I’m excited to share with you that I’m already seeing new opportunities added to our pipeline using this tool. As it relates to our affordable housing business, we are seeing growth in existing and in new markets that should build on our 2021 performance which was a record year in terms of closings.

We have made significant progress in expanding our profile to attract new talent. We’ve invested more heavily in talent, for current and new specialty businesses along with bolstering our teams in higher-growth markets.

Our recent recruiting efforts in the Orange County and L.A. markets complement our existing team and will introduce us to more middle-market operating businesses. The four most recent hires came from four different organizations and have hit the ground running.

In his comments, Scott will provide a little more detail around the most recent trends we are seeing in these markets. However the progress and early signs are positive. And I’m excited to continue to expand our profile throughout Southern California and the Southwest.

Additionally, in the fourth quarter of 2021, we were able to onboard a professional practice finance team. With a national focus this group, has come out of the gates very well in 2022 and begin with shared high expectations. We’ve also bolstered our already high-performing Phoenix team with three new adds each coming out of different organizations.

Finally, we recently announced the opening of a new commercial office in North Texas. We were able to land a proven leader and will build around his 30-year career in this very attractive market. We are eager to make these investments and we’re confident that these new associates and teams will add to our current and expected level of growth.

With that, I will now turn the call over to Scott Goodman. Scott?

Scott Goodman

Thank you, Jim, and good morning, everybody. As Jim had mentioned, we’re out of the gates well in 2022 with loan growth for the quarter of $176 million net of PPP or 8% annualized as represented on slide number 5.

In general, the specialty business units continue to perform well, with additional growth contributed from the commercial real estate activity in the southwestern region driven in large part by Arizona.

The loan details by segment are outlined on slides number 6 and 7. On a TTM basis organic loan growth net of PPP and net of the recent First Choice acquisition was $770 million or 12% with nearly all key areas of the loan portfolio showing the increases.

As you heard from Jim, we’ve remained disciplined in our pricing philosophies relating to the fixed rate portion of our business, as competitive pressures push spreads well below our targets. And while this did dampen some growth in the investor CRE book over the past year, we see longer-term value in maintaining consistency and transparency in our loan process both with clients and with our sales teams.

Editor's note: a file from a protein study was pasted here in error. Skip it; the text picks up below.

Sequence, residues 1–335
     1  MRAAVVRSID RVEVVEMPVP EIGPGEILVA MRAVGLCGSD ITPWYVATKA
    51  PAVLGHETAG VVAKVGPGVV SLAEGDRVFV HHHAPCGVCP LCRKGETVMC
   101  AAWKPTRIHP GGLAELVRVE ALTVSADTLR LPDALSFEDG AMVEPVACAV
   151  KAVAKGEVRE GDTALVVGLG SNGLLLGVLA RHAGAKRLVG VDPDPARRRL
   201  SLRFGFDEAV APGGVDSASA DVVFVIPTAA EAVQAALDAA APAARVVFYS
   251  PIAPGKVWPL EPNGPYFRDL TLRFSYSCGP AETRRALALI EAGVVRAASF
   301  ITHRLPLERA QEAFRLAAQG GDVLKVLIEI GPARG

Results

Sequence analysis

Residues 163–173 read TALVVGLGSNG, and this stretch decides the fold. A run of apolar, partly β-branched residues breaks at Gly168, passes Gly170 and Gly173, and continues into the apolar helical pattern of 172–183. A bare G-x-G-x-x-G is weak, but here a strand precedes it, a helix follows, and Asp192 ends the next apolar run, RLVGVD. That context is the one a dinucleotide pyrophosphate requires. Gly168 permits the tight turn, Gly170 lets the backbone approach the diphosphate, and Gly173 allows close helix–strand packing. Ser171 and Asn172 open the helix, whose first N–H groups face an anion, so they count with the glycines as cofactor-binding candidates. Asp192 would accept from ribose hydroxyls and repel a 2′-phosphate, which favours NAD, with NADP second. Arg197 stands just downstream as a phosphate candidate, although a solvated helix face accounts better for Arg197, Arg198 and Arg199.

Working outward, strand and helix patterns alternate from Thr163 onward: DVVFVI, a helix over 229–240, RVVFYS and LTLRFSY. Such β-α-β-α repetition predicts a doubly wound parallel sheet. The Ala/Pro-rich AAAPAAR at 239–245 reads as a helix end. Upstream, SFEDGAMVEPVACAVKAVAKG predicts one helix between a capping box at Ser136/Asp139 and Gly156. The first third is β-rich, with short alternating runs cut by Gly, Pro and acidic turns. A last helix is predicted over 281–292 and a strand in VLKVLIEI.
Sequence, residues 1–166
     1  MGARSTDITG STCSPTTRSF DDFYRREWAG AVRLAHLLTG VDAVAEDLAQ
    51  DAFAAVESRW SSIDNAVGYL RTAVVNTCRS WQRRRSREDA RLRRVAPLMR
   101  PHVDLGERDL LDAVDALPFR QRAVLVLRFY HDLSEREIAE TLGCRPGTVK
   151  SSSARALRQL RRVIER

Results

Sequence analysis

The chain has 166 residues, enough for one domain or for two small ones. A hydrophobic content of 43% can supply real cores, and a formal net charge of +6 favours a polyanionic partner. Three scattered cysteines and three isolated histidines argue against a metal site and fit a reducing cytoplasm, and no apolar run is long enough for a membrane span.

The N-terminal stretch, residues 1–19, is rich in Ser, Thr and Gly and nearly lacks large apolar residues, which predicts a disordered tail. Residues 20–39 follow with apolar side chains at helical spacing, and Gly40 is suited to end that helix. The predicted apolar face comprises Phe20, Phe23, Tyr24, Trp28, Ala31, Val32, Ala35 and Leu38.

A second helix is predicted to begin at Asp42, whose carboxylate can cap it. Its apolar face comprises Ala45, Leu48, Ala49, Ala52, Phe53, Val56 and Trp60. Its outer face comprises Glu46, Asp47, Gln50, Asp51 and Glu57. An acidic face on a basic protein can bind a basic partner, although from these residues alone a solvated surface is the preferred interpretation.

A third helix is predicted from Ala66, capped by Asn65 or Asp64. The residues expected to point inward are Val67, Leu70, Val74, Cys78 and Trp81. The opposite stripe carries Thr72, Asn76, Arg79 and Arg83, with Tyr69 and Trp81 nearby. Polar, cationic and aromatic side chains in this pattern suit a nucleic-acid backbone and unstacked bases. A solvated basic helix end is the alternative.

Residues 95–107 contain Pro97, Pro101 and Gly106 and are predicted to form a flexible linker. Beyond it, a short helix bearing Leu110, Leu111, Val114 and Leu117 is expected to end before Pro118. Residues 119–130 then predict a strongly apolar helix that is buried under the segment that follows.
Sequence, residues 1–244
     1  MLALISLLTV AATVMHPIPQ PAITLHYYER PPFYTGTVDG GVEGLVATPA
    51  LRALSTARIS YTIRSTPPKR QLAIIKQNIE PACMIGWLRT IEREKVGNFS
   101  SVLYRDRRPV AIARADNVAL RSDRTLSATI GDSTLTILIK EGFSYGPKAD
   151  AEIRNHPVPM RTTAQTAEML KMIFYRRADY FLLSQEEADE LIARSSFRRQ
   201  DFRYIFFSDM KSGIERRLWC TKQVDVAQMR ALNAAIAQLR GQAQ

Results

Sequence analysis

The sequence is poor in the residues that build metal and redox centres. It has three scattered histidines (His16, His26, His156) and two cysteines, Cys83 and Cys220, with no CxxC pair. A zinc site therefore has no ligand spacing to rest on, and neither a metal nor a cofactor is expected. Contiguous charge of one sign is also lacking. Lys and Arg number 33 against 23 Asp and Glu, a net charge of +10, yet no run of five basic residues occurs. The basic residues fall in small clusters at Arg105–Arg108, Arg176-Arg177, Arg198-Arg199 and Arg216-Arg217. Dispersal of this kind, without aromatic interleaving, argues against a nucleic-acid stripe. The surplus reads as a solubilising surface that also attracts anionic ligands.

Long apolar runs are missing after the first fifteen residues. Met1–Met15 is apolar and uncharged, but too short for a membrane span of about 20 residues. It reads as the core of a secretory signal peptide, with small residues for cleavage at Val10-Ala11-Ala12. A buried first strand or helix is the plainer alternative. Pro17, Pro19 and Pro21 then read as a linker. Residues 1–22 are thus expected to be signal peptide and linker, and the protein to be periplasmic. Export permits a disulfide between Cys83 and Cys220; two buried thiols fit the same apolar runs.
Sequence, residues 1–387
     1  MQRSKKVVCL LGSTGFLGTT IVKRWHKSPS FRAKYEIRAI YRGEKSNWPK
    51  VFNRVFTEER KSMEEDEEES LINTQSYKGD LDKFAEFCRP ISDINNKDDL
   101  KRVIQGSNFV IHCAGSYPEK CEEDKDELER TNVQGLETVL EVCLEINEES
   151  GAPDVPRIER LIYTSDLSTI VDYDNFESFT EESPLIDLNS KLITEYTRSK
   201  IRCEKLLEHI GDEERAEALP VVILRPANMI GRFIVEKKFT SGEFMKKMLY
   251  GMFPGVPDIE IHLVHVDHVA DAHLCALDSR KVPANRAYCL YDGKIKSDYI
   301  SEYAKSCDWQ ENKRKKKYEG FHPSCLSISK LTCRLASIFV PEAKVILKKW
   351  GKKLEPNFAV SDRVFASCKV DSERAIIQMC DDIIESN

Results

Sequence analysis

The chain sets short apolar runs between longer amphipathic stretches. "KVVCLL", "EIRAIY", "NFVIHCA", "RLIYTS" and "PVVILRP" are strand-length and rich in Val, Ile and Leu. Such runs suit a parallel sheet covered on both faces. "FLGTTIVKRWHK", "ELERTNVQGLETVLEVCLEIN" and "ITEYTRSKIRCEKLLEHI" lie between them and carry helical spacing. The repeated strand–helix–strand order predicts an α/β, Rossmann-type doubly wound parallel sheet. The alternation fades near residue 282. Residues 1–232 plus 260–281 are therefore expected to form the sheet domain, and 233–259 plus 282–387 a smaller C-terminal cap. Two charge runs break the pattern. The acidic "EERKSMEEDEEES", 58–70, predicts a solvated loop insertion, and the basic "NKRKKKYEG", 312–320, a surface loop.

That said we’ve been able to lean into other channels that were more immune to the environmental headwinds and competitive pressures to provide the growth and improved returns proving the fundamental benefit of our diversified revenue model.

In recent calls I’ve talked about the robust activity in our Sponsor Finance business being driven by a strong M&A market and the deep relationships that we’ve nurtured with our private equity partners through the years in this line of business.

As a result, Sponsor Finance posted record growth of $133 million in the quarter. This does not signal any changes to our strategy as our approach to credit structure to pricing with our targeted sponsors remains consistent. Although, the net growth may vary quarter-to-quarter based on seasonality and the timing of portfolio company sales, the production activity remains strong in this business.

Solid growth in life insurance premium finance mainly reflects several new clients as well as seasonal premium payments on existing policies. As the aggregate portfolio has steadily built a funding sale on its annual premiums that naturally adds elevated quarterly growth momentum.

The tax credit business also continues to perform well with new fundings related to the expansion of affordable housing programs across multiple states.

In the SBA business, production remained solid and consistent with prior Q1 levels. The payoffs and pay-downs have risen somewhat due to competitive pressures from non-SBA lenders.

We’re executing plans to proactively address improved retention of the well-seasoned loans as well as continuing to recruit new originators to boost production in higher growth markets.

Aggregate portfolio trends in specialty lending along with the local markets are outlined on slide number eight. In addition to the aforementioned specialties, we’ve also added a small experienced team of experts located in California, dedicated to the professional practice space. This group focuses on lending to dental, veterinary and small medical practices and is off to a nice start adding $18 million of growth in the quarter.

The southwest region which includes Arizona and Las Vegas, continues to post strong growth in Q1 of $70 million, and has grown $182 million or 42% year-over-year. Larger originations during the quarter have been composed of new CRE acquisition and development deals for existing relationships, for which we can leverage our proven ability to perform and obtaining targeted yields.